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  #16  
Old 05-14-2018, 09:47 AM
L20A L20A is offline
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Originally Posted by ALBD View Post
All things being identical the rosewood will be more blended and resonant. Generally, mahogany will have more note separation/articulation with a little less sustain and resonance. My personal pref would be the latter.
My band mate has a Martin D-18 and a Martin D-28.
Both have Adirondack tops.
The above quote is spot on with these two guitars.
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  #17  
Old 05-14-2018, 10:45 AM
Alan Carruth Alan Carruth is offline
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I, too, have treid to make 'matched' guitars several times. I started with wood that was cut 'in flitch' for all the parts. The measured properties of the pieces were well within experimenntal error. Thicknesses and weights were controlled tightly. All the resonant frequencies of the 'free' plates were within a couple of Hz for the lower modes, and the mode shapes matched closely. The assembled modes were nearly identical. On the latest pair, the output spectra were so well matched up to 1000 Hz that one of my students remarked that if they were electronic amplifiers you'd have called them 'identical' They still sounded different in blind tests: not much different, mind you, but people can pick them out.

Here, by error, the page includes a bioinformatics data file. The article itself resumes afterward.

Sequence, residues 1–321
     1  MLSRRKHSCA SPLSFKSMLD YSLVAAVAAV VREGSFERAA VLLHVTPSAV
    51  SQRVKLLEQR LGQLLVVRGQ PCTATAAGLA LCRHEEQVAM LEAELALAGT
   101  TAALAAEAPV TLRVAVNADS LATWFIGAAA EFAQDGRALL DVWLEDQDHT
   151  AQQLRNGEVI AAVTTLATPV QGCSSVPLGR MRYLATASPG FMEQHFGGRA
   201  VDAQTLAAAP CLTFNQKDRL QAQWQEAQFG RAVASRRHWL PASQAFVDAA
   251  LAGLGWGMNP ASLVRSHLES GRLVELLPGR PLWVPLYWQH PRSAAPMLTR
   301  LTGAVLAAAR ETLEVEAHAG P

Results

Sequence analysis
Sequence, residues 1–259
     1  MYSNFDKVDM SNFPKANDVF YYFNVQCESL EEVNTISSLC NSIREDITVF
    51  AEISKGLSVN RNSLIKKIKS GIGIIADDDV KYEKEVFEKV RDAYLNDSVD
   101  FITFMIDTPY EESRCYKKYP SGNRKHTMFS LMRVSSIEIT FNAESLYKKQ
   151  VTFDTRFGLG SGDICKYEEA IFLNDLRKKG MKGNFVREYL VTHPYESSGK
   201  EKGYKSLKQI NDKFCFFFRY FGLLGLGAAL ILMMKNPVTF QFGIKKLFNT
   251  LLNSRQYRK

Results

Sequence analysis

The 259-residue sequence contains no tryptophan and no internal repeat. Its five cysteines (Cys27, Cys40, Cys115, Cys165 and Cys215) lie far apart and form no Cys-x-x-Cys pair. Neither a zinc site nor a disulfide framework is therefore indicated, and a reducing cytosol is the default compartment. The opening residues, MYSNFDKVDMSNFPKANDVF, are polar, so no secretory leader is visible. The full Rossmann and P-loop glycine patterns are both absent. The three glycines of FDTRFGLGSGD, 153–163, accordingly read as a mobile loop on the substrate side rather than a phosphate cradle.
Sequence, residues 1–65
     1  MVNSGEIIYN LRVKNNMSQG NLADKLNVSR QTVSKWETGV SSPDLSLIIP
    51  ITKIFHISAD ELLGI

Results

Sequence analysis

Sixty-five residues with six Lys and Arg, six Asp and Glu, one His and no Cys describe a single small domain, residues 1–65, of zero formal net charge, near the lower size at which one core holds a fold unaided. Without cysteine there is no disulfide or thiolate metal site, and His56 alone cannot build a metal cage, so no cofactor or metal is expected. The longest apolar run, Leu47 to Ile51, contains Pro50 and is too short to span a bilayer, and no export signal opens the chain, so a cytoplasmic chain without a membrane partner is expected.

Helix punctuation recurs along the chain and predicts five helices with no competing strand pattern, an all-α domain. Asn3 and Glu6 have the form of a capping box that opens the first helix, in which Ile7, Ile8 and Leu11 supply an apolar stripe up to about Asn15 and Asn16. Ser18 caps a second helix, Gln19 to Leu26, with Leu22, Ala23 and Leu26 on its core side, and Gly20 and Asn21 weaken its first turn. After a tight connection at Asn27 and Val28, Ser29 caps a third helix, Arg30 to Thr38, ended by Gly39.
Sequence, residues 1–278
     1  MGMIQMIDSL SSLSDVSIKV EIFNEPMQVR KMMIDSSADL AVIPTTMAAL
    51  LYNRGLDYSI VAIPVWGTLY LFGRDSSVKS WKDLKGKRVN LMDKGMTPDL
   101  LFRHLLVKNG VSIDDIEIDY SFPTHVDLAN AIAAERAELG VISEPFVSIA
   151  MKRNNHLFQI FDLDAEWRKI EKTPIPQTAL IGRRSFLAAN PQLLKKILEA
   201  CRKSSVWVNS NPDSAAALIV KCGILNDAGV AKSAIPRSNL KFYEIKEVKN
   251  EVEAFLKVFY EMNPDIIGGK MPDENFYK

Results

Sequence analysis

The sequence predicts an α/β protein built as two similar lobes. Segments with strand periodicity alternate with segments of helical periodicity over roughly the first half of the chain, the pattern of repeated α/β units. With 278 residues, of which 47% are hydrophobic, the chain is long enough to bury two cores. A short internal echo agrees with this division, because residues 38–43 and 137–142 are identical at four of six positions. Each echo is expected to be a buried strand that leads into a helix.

There's a lot of overlap in properties between different wood species. It's possible to find mahogany that is as hard and dense, and has damping as low, as some Indian rosewood. I'd guess that a guitar made with mahogany like that would have a 'rosewoody' sound, and might well be mistaken for rosewood in a blind test.

In factory production they design around the 'average' properties of the wooods used, and work all of the parts to the same specs. There's a fair amount of variation in the tone of the completed guitars, reflecting the variation in properties of the materials that went into them. The 'average' mahogany guitar will sound different from the 'average' rosewood one because of the difference in the average properties, but you might find some overlap. A hand maker will often vary the way the guitars are built to take advantage of or compensate for the differecnes in properties of the wood, both as to species and within species They will also often know some 'luthier tricks' that can move the tone to be more or less like that of another wood. Thus descriptions of the tone of different wood species are more likely to apply to factory instruments than hand made ones.